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Wednesday, 19 July 2006 07:24

Bush's First Veto against Stem Cells is an Outrage that Democrats Must Exploit

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If there was ever any doubt, George Bush has unequivocally established himself as the worst president ever. The first veto of his six-year presidency has struck down a bill passed overwhelmingly in both houses of Congress to provide federal funding for stem cell research.

Keep in mind, this is the Congress who has come within a few votes of passing absurd constitutional amendments against both flag burning and gay marriage. It's the Congress that has looked the other way at Bush's repeated violations of the law and continues to allow him to do virtually everything he wants, including staying in Iraq without a plan. It's the Congress ruled by archconservatives Frist and Hastert who, with their Republican majority, push around Democrats who too often don't stand up for the right causes. And don't forget about the Terri Schiavo fiasco.

But even this Congress saw the wisdom of the stem cell research bill.

BuzzFlash readers have complained about the need for distinctions between "pro-life," "pro-choice," and "anti-choice" in the abortion debate. After all, everyone is pro-life. Bush has tried to frame stem cells as identical to abortion to appease his religious zealot base, but the truth is that the text of the bill makes this issue an ethical walk in the park. The Act clearly specifies that the embryos must have been originally created for fertilization, "would never be implanted in a woman and would otherwise be discarded," and are donated with the full consent of their creators without any inducement.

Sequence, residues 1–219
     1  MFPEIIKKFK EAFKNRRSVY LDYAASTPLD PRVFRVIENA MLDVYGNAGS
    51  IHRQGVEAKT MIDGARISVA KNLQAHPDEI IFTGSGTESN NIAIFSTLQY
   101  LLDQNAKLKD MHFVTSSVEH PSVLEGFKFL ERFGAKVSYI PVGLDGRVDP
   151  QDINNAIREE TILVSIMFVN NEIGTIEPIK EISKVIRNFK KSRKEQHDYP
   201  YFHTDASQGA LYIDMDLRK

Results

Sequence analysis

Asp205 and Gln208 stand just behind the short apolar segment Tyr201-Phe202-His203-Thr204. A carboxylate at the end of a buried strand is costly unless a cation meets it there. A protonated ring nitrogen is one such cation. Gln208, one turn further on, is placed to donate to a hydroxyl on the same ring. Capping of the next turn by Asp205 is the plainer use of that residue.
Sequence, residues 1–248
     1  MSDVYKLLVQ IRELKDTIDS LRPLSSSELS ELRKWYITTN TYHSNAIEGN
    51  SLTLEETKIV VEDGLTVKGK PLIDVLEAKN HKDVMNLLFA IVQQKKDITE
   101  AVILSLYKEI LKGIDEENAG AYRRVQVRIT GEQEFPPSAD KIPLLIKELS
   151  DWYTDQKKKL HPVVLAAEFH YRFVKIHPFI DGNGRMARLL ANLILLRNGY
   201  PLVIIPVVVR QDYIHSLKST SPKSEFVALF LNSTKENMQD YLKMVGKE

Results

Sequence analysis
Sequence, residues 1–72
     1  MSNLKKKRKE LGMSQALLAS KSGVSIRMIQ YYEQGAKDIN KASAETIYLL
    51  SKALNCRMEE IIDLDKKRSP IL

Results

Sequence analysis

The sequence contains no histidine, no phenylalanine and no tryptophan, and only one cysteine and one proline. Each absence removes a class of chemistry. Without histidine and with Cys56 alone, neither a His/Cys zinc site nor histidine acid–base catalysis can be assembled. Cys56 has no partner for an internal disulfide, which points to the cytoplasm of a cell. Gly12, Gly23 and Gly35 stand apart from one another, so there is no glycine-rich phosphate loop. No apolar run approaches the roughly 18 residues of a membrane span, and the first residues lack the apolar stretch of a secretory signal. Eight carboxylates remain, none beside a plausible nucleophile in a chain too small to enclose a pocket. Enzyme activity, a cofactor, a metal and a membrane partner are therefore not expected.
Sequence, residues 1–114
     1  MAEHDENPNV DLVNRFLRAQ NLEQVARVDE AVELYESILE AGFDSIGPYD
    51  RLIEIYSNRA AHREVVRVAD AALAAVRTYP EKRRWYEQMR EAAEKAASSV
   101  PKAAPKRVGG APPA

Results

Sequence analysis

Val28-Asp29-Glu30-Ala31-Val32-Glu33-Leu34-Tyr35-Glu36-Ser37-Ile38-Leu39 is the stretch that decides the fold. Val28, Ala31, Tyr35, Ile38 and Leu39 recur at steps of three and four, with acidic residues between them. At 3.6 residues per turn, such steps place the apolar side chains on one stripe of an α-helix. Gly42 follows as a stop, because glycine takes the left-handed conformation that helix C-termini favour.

As Sen. Orrin Hatch (R-UT) said, "I believe that being pro-life involves helping the living."

The second provision of the bill is key. Several embryos are usually created for fertility treatments but some are never used if earlier ones are successfully implanted. Those remaining embryos - microscopic cells or human life, depending on your views - are currently either destroyed, allowed to die, or deep-frozen in liquid nitrogen (which often kills them and rarely results in a future pregnancy).

In vetoing the stem cell research bill today, Bush has declared that his values (and political strategy) are so backward that he would rather embryos go to waste than be used by scientists to try to develop cures for those already and not yet alive. How many people, donors and the sick alike, would gratefully welcome this opportunity?

In finally asserting his strength through the veto, Bush has further dropped his stock among Republicans who have at least an ounce of sense and realize how dangerous Bush's extremism might be to their seats and majorities come November. Nineteen Republicans in the Senate and 50 in the House voted for the bill, including the one who authored it. Even GOP governors, who have nothing to do with the vote, have publicly decried the President.

Neither house has enough votes to override the veto, although the House is expected to try. The inability to overcome Bush's unpopular action will unfortunately only add to his autocratic control as even his cronies on the Hill will not be able to temper him.

Democrats need to press this issue before the elections, even against Republicans who voted for the bill. With control of both houses of Congress up for grabs, Democratic majorities would ensure future votes.

This may be the one wedge issue that Democrats have a clear, decisive advantage on this year. Most people, including many anti-choice conservatives, oppose Bush's position. Virtually everyone knows someone who could be helped with new technology that could be provided by stem cells, and it is almost unimaginable that Bush is leaving them out to dry in the name of his so-called "values."

Stem cell research would be a huge boost to science and offers almost unlimited potential to save human lives. It's also just another issue on which Bush and his ilk are out of step with the American people. Democrats would serve the nation's future and themselves well by ensuring voters remember this veto when they choose the next Congress.

Click here to see the Senate vote

Click here to see the House vote